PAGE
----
95% children recall male role models as inspiration in STEM fields: Survey

June 30, 2021

Avishkaar, an edtech player that focuses on robotics, AI, coding, and app development, conducted a survey titled – “India’s Future in Next-Generation Tech & STEM ” in June 2021 among 5000 parents and 5000 children across Indian cities including Delhi NCR, Chennai, Mumbai, Kolkata, Bangalore, Pune, Hyderabad and Cochin.

The survey brought to light two pertinent insights:

Firstly, it indicated that gender disparity in STEM fields in India is a glaring issue, owing to a lack of female role models in the industry –

  • 95% children, including girls, recall male role models as inspiration in STEM fields, highlighting the urgent need to increase the exposure around women role models in STEM fields
  • When asked why there is an underrepresentation of girl children choosing to pursue a career in STEM and choose top three reasons:
    • 50% of parents feel that societal pressures are one of the main reasons
    • 42% feel that the parents’ influence plays a role
    • 30% of parents even feel that the work environment in our country in these fields is more suitable for males versus females
  • Secondly, it highlighted the need for schools to implement hands-on learning and introduce children to the world of innovation and move away from rote learning techniques –
    • 53% of the parent respondents use the hands-on learning approach to keep up their children’s interest levels in next-gen tech & STEM subjects. This includes toys and kits that help their children with application-based learning
    • Only 33% of parents feel that the current school curriculum is enough to help their child prepare for a future in next-gen tech and STEM to some extent. 90% of parents feel that this aspect of the curriculum should be made a priority in school

Commenting on the insights from the survey, Pooja Goyal, COO, and Co-founder, Avishkaar said, “It is heartening to see that parents are making conscious choices to ensure they nurture an innovative mindset among their children. I’m convinced that If our children have to thrive in the world of tomorrow, we need to create micro-environments in schools and homes that make it safe for children to experiment, to take risks, to fail, to think outside the box, to break things, and to build new things. We need to ensure that our children are not mere consumers but creators of technology.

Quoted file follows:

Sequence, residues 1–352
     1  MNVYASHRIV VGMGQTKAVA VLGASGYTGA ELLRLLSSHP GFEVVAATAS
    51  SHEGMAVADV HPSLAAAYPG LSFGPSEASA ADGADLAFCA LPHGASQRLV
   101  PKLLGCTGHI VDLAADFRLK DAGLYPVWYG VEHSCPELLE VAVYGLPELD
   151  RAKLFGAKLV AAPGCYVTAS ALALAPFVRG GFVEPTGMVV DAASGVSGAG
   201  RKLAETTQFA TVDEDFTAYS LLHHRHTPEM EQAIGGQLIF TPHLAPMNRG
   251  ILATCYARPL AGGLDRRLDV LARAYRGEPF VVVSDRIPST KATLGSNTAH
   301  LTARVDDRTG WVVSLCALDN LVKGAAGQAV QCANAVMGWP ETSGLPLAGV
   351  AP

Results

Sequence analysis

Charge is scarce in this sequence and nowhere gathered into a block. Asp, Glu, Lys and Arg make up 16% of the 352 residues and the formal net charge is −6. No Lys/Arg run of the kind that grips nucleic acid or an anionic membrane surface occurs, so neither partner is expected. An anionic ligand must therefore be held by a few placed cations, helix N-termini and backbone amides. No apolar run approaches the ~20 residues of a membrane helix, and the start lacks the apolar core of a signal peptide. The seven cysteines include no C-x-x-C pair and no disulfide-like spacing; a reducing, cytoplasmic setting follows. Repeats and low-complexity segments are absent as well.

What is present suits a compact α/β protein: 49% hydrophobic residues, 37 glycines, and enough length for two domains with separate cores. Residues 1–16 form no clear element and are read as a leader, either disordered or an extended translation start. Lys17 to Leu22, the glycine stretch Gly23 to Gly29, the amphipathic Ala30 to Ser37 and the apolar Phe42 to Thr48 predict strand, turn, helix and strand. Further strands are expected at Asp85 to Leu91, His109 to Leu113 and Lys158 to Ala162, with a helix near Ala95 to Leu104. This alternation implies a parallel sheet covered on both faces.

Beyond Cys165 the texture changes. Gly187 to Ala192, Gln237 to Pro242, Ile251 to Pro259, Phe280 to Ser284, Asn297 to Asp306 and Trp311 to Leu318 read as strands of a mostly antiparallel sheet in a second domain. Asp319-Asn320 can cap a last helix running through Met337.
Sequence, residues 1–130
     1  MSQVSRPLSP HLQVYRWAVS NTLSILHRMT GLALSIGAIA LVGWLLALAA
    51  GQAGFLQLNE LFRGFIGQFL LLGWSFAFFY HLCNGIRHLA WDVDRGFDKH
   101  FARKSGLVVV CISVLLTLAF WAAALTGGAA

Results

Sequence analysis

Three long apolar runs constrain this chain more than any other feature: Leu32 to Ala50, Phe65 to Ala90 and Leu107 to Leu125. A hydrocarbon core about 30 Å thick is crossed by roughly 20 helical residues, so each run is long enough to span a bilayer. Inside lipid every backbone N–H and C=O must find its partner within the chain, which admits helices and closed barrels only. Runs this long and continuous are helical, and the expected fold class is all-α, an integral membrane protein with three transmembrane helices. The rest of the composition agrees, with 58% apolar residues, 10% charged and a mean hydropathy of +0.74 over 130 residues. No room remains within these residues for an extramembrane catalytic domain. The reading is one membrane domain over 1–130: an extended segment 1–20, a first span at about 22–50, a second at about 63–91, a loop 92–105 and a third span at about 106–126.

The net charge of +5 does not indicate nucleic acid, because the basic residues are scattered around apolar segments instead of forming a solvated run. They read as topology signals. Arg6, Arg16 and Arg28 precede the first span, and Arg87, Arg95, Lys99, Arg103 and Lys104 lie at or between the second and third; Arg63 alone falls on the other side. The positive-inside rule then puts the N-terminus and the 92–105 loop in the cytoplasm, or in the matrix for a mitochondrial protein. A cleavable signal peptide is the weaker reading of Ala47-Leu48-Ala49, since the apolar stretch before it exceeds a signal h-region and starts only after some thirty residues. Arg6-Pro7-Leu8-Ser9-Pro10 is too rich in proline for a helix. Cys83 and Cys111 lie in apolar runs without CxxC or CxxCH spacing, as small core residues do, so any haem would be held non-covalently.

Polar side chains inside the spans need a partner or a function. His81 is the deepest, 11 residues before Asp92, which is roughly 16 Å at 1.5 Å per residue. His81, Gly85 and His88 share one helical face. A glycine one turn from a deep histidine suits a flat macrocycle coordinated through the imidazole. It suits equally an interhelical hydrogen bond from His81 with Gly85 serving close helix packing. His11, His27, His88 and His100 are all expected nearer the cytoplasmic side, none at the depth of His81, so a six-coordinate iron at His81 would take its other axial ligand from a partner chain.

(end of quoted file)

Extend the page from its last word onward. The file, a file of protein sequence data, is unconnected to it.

Other key insights from the survey:

Gender disparity, a hidden concern?

  • When asked about how critical STEM was for their child, 81% of parents with male children feel that next-gen technology education and STEM is critical for their child, as compared to 68% of parents with female children
  • What grabs our attention even more is that many parents (54%) feel that those parents with male children are actually more likely to influence their child to pursue STEM than parents with female children
  • When children were asked to express their choice, 85% of male children would choose to pursue a career in STEM, as compared to only 57% of female children

STEM-related subjects continue to be hot favourites

  • 56% of all parents are keen for their children to pursue IT/ Technology, more than any other subject. This is followed by Science (46%) and mathematics (43%). In contrast, only 23% of parents wish their child to pursue Arts-related subjects.
    • When looking at preference from a gender point of view, 60% of parents with male children would like their child to pursue subjects related to IT/ Technology, as compared to only 33% of parents with female children
  • On the other hand, 54% of children wish to pursue Science in future, while roughly 57% wish to pursue IT/ Technology

Why STEM?

  • In total, 76% of parents feel that STEM and next-gen tech education is critical for their child
  • When asked to highlight reasons, of the 76%, 75% feel that this will improve analytical skills within their children, and 69% feel that it is critical as they expect the world to become completely technology-oriented in the near future.

Not enough emphasis on STEM and next-generation technology education in school?

  • About 42% of parents with children in the age group of 13-17 years feel that the current school curriculum is not helping their child at all, which is a significantly higher ratio than that of parents with kids in younger age categories
  • On the other hand, when compared to what children feel, a massive 73% feel that their school is doing enough to encourage them to pursue a career in STEM and next-gen tech.

Parents’ influence on children’s choices – a boon or bane?

  • Roughly 45% of parents feel that they would be extremely influential on their child’s career choices
  • In fact, the majority of parents (62%) would be extremely willing to go the extra mile to make their child pursue a career in STEM.
    • However, only 35% of parents with female children feel this way.
  • For over 60% of the children, parents remain the largest influencers on career decisions.
  • With regard to their decision to pursue a career in STEM, 45% of children feel that their parents have been extremely influential in their decision
    • Girls (74%) seem to be more influenced by their parents when it comes to deciding a career in STEM, as compared to boys (58%).

Also read: Newcastle University, British Council Scholarships for Women in STEM

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